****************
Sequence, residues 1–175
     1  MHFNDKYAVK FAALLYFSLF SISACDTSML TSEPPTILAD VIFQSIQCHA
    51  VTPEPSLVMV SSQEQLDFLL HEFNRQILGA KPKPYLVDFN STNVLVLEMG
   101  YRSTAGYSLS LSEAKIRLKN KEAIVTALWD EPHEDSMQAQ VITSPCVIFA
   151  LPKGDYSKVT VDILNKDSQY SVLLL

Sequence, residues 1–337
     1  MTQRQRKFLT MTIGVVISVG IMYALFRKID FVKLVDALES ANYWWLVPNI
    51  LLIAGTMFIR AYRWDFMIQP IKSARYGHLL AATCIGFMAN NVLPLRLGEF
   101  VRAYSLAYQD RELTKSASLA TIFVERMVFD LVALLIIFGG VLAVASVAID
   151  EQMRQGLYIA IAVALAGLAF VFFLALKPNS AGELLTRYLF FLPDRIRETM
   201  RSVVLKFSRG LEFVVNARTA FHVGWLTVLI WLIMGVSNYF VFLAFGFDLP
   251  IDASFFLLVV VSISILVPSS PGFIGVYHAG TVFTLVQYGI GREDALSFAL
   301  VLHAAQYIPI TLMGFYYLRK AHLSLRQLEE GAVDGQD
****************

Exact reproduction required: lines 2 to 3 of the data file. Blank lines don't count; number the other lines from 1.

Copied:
     1  MHFNDKYAVK FAALLYFSLF SISACDTSML TSEPPTILAD VIFQSIQCHA
    51  VTPEPSLVMV SSQEQLDFLL HEFNRQILGA KPKPYLVDFN STNVLVLEMG